ATA seeks new ways to get message out


For the Australian Trucking Association and attendees of its High Productivity Freight Vehicle Demonstration Day, success came down to quality, not quantity.

ATA seeks new ways to get message out
A 36.5 metre AB-triple at the event

Held today at the Driver Education Centre of Australia (DECA), part of Wodonga TAFE, the event saw companies and drivers donate their time and the use of their vehicles to demonstrate the operation of high productivity vehicles for state government workers and local government staff and councillors.

Alongside the typical 24 pallet semi-trailer and 36-pallet B-double, attendees also got to see a PBS Level 2A truck and dog, a PBS A-double and Modular B-triple and both a 36.5 metre type 1 Road Train and a 36.5m AB-triple in operation.

Speaking with ATN on the sidelines of the event, ATA CEO Ben Maguire says the Association aimed to help local regulators better understand how safe high productivity vehicles generally are.

"It is a costly exercise for the operators to come and donate their time… Days like today will help influence peoples thinking and understanding better."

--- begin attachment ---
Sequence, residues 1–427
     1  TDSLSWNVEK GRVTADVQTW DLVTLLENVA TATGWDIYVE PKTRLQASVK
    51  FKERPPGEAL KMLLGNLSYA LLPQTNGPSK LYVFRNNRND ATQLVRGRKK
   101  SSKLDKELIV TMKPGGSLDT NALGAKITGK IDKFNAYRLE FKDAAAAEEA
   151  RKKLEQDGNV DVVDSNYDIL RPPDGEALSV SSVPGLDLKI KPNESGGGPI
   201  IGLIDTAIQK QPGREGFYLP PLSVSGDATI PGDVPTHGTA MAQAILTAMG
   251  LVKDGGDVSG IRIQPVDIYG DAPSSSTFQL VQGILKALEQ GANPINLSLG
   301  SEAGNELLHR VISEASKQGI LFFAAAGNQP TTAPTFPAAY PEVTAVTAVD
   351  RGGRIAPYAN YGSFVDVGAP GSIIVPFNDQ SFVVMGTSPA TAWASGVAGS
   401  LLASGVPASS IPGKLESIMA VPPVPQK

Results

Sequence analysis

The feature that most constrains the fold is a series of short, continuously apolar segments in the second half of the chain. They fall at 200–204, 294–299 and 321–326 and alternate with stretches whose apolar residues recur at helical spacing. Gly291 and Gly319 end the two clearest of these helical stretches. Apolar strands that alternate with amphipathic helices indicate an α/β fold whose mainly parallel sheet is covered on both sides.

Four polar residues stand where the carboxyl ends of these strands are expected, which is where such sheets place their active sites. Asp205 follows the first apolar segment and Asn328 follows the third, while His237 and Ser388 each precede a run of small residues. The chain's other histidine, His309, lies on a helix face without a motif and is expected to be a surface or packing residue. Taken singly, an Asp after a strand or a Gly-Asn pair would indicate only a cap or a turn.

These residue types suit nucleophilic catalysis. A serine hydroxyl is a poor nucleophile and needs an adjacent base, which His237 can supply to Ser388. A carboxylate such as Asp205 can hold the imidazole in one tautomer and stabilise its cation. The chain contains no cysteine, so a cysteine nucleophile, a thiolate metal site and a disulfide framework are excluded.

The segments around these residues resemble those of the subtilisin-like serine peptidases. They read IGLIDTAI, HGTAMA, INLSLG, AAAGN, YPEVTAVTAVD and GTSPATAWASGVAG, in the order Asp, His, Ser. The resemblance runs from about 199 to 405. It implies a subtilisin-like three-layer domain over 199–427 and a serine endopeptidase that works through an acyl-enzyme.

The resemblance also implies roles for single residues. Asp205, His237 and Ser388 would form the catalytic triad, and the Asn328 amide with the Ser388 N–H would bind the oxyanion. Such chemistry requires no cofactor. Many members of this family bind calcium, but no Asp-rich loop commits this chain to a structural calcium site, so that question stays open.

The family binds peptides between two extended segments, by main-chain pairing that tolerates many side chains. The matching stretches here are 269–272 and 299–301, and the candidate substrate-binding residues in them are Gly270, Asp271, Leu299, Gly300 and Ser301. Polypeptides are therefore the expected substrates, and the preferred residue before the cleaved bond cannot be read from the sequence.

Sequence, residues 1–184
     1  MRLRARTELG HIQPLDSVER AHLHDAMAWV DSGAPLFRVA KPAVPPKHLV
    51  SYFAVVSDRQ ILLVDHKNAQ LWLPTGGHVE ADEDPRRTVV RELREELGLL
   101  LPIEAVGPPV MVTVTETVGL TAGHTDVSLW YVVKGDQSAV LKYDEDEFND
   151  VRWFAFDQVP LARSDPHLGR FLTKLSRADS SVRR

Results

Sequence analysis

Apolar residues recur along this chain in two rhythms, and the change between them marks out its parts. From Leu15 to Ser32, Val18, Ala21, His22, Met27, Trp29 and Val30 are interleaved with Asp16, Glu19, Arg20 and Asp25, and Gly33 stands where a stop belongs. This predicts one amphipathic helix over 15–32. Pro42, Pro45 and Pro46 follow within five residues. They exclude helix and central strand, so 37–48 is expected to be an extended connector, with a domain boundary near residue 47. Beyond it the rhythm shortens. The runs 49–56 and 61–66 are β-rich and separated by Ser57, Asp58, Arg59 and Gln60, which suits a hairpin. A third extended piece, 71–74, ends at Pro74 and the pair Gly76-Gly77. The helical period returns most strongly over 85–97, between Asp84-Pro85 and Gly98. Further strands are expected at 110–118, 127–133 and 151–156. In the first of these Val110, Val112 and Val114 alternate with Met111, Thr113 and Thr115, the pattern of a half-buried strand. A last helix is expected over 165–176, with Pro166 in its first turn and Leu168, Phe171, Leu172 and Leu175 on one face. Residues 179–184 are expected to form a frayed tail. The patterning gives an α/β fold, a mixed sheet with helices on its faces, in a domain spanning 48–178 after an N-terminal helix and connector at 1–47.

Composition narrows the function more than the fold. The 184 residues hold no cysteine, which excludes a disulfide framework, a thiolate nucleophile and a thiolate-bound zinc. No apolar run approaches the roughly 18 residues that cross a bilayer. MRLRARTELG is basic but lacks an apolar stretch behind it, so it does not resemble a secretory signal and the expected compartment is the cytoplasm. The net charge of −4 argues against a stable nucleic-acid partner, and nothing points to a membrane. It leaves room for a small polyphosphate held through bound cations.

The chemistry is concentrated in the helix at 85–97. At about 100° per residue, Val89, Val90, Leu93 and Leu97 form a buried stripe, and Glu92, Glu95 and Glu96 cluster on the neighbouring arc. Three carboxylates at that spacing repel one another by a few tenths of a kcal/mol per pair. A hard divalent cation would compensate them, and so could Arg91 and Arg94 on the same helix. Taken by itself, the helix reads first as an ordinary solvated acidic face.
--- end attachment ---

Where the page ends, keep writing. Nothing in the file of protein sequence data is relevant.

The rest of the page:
For Kel Baxter, who chairs the ATA’s Industry Technical Council, the proof of the efficiency offered by these vehicles made for some really good stories for local governments.

Citing ATA statistics, he told attendees that in order to shift 1000 tonnes of load, a six axle semi-trailer at GML would need 42 journeys – while an AB Triple Triaxle Dolly could do it in 15.

"When you have put 15 ab triples on the highway, and you put a 3 second gap between them at 100km which is about 80 metres, the AB triples need about 1.8km of road space. If you do that with semi trailers you need 4.3km," he said.

"By going to larger vehicles we are improving road wear."

However, it did not escape Baxter’s notice that event attendance was not what it might have been – noting that all local governments within 180km of Wodonga had been invited, but representatives of only three attended the event.

"it is interesting when you look at the NHVR heat maps and you look at some of the councils that have been really slow in responding – some of those councils that haven’t attended today are in that category," he says.

"It is always easy to convert those who are already converted, but it is those who are so anti some of this stuff that they do not understand."

Maguire, however, is a bit more optimistic.

"We don’t measure the success by how many people turn up… If we can change the hearts and minds of a new people then we have done our job. And we will be looking forward to the next one."

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